Here a short, fine pile sleeve is fixed to a rigid cylindrical frame which you can remove for cleaning. Suitable for use with all types of paint, it is ideal for the application of oil-based ones if you want a really smooth gloss finish.
Lamb’s wool or nylon
Available in a variety of pile lengths and thicknesses which will deal with many different types of surface, this is probably the most popular type of roller for applying water-based paints to walls and ceilings. For the best results always match a roller to the surface you are painting. Follow the general rule of a smooth surface needing a short pile and a rough surface a longer one and you will not go far wrong. Pile lengths vary from 6mm to 31mm. Bearing in mind what type is best used where, choose either a foam, short pile mohair, lamb’s wool or nylon roller for smooth or lightly textured surfaces. For highly textured surfaces pick a long shaggy pile lamb’s w6ol or nylon type. For outside walls buy a roller with a tougher pile specially designed for exterior use, as this will be more durable on rough surfaces such as stucco or pebbledash.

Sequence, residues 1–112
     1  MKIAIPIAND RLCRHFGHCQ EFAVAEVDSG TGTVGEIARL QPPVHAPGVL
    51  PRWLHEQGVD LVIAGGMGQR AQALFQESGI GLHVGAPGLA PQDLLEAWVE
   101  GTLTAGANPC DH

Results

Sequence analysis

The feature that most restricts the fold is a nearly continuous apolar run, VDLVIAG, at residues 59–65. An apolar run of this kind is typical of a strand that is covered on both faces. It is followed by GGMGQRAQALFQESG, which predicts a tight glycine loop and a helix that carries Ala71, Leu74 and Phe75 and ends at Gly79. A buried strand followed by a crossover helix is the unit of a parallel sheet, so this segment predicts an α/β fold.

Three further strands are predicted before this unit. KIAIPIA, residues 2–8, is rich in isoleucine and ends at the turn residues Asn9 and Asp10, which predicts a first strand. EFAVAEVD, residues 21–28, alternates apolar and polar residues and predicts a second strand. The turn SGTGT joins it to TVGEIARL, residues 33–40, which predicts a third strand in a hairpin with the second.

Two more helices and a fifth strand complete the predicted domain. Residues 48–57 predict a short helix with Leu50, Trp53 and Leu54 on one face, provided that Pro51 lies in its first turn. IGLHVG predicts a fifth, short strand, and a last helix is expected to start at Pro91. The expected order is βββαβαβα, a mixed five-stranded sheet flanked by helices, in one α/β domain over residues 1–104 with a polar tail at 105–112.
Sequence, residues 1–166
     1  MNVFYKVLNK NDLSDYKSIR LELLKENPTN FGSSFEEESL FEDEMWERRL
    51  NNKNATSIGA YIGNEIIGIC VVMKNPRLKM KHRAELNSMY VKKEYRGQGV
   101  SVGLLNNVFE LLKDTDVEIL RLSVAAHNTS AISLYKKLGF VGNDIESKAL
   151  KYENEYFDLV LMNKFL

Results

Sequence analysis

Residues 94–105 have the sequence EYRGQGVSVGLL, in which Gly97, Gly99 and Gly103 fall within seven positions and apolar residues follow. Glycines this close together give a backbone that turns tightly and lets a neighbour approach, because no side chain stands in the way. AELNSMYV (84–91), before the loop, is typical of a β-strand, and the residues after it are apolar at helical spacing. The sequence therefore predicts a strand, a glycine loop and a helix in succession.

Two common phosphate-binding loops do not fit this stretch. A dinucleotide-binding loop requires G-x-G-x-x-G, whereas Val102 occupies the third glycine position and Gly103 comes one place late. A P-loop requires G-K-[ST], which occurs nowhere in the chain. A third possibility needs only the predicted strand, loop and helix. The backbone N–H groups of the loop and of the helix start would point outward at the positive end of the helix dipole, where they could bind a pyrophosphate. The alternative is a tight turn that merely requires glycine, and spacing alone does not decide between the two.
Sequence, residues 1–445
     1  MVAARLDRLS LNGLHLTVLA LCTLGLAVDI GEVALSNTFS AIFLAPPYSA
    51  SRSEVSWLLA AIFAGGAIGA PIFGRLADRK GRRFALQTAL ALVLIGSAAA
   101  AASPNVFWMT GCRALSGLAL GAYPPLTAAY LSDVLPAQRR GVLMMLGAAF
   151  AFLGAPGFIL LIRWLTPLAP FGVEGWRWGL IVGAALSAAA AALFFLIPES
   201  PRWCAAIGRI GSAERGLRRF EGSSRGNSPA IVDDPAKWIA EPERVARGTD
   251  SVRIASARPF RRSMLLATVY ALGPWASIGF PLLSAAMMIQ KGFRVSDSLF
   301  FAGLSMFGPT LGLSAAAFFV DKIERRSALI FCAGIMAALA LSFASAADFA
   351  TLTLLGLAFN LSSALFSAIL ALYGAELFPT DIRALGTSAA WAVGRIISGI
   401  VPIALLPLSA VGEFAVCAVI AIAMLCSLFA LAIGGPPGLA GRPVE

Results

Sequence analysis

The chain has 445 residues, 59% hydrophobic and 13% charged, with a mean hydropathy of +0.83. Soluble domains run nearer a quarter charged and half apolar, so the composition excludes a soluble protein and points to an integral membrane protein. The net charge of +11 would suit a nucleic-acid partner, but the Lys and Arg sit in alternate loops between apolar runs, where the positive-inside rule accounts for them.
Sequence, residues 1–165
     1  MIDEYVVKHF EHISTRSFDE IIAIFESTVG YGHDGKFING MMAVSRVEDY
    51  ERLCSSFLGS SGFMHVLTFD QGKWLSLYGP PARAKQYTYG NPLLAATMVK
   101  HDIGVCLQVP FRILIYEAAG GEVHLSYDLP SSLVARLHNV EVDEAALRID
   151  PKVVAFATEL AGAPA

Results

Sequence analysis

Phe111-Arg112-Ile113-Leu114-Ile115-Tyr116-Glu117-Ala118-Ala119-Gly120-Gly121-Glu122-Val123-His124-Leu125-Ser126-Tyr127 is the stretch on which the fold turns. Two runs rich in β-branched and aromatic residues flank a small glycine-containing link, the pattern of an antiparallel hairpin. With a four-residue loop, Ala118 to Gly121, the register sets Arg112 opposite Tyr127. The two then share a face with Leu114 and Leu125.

Don’t use a short pile roller on a heavily textured surface as the pile will not reach right into the indentations and the paint will not cover properly. Conversely a long, shaggy pile used on a smooth surface will coat too heavily. Small rollers in a variety of pile types are available for reaching behind radiators and small pipes.